While purchasing a home in cash would be the homeownership's best-case scenario, for the vast majority of home buyers, the only way they’ll be able to meet their homeownership goals is by means of a mortgage.
In order to qualify for a mortgage, you must be able to prove your ability to repay your loan. To do so, you need to have a good credit rating, a stable job, a sizable amount of cash to make an initial down payment as well as a number of other requirements.
Out of all of those requirements, your credit score is one of the most important factors that lenders will consider when you apply for a mortgage.
That’s because all mortgages have a minimum credit score needed to qualify. And the higher your score, the better your terms will be.
For reference, according to TheLendersNetwork.com, the typical credit scores by mortgage type are:
FHA Loan - 580+
VA Loan - 620+
USDA Loan - 640 +
FHA 203K Loan - 620+
Conventional Loan - 620+
(Of course, these numbers could change depending on your area. Make sure to consult a trusted mortgage broker or mortgage agent to confirm the credit scores you need to have to qualify.)
Your first step towards improving your credit score is getting a credit report, so you know what your current score is (But be careful how many times you pull your score because checking your credit score too often can actually lower your credit score).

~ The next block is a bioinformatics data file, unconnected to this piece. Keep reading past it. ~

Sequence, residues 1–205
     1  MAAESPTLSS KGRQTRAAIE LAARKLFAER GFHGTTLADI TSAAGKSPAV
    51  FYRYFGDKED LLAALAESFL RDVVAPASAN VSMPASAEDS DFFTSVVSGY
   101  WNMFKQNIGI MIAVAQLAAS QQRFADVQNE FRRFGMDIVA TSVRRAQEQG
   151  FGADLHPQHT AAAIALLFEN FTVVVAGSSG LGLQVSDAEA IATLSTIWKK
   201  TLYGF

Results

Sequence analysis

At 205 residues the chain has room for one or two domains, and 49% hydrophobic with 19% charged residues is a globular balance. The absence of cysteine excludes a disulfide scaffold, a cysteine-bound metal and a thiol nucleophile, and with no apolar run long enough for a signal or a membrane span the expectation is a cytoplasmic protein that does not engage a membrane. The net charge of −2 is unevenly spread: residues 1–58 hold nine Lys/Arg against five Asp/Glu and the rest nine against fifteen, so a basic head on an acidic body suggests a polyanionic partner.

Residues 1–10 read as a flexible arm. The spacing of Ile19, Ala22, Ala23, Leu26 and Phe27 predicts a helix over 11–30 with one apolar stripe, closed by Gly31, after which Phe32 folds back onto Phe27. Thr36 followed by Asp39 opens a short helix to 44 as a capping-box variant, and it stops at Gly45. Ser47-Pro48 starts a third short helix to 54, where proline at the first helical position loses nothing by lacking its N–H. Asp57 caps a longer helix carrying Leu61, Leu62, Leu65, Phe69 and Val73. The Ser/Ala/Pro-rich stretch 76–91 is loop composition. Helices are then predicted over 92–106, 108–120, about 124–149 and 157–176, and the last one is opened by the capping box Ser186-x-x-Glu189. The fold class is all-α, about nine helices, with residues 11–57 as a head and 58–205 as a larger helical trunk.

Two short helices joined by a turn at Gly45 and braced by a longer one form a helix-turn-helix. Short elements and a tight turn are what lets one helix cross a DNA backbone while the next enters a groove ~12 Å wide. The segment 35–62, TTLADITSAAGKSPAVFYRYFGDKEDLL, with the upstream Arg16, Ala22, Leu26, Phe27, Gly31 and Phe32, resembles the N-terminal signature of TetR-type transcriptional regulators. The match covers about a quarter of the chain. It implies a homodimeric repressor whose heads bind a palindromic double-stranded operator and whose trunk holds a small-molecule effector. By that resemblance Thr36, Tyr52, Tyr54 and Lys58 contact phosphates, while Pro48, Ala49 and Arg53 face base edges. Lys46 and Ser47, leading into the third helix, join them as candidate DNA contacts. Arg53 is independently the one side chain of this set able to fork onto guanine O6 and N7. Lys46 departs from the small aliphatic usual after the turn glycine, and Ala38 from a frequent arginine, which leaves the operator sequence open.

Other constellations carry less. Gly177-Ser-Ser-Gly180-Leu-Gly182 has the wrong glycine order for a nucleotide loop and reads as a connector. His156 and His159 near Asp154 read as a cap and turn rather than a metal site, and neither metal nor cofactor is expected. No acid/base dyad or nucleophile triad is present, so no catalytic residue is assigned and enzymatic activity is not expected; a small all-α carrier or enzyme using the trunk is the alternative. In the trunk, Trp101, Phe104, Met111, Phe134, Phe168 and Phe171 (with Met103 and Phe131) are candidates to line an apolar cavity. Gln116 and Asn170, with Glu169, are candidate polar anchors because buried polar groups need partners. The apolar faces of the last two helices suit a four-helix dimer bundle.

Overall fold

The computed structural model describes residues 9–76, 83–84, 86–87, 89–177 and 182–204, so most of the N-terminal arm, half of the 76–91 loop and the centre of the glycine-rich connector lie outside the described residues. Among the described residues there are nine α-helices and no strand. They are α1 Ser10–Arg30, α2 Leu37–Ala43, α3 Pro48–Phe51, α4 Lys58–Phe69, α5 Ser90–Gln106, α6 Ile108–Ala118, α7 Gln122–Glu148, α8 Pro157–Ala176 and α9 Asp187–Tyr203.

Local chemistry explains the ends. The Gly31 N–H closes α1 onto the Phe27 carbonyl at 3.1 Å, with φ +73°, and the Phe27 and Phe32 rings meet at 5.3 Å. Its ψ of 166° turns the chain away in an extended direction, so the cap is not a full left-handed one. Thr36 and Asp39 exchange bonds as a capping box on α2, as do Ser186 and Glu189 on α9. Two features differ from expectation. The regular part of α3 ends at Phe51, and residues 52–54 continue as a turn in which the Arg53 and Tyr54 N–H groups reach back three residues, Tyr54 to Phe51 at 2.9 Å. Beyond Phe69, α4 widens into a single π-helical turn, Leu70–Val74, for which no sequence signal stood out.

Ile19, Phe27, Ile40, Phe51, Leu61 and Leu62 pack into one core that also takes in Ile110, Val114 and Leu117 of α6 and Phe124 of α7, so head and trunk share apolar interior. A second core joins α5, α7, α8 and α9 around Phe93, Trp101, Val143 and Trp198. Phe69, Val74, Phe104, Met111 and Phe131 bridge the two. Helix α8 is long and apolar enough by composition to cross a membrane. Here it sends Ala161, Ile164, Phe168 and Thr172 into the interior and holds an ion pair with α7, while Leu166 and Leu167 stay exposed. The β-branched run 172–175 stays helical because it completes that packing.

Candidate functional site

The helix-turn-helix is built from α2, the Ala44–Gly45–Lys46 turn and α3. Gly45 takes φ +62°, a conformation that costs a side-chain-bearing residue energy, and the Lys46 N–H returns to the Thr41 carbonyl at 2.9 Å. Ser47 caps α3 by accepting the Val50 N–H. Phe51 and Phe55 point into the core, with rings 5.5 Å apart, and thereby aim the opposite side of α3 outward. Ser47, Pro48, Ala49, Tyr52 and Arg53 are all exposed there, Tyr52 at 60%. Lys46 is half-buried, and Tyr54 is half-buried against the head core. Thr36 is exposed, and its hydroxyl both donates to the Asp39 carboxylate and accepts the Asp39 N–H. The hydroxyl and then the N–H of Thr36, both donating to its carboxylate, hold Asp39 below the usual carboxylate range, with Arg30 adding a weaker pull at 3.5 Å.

In the USA, you’re entitled to get a free copy of your credit each year from the 3 major credit reporting bureaus (Experian, TransUnion, and Equifax).
To get a free copy of your credit report, go to www.annualcreditreport.com. Although there are a number of websites that offer “free” credit reports, annual credit report.com is the only website authorized by the Federal Trade Commission to provide free credit reports.
As you go through your credit report, analyze it carefully and see if you can spot any mistakes. If you do, you’ll have the option to dispute those mistakes, which would improve your overall score.
At the same time, if you have a late payment or two, it’s possible to get them removed. Call the company that registered them, and ask them to remove those late payments.
If you only have one or two late payments, there probably won’t be any pushback, and the company will most likely remove them. But if you habitually make late payments, they likely won’t.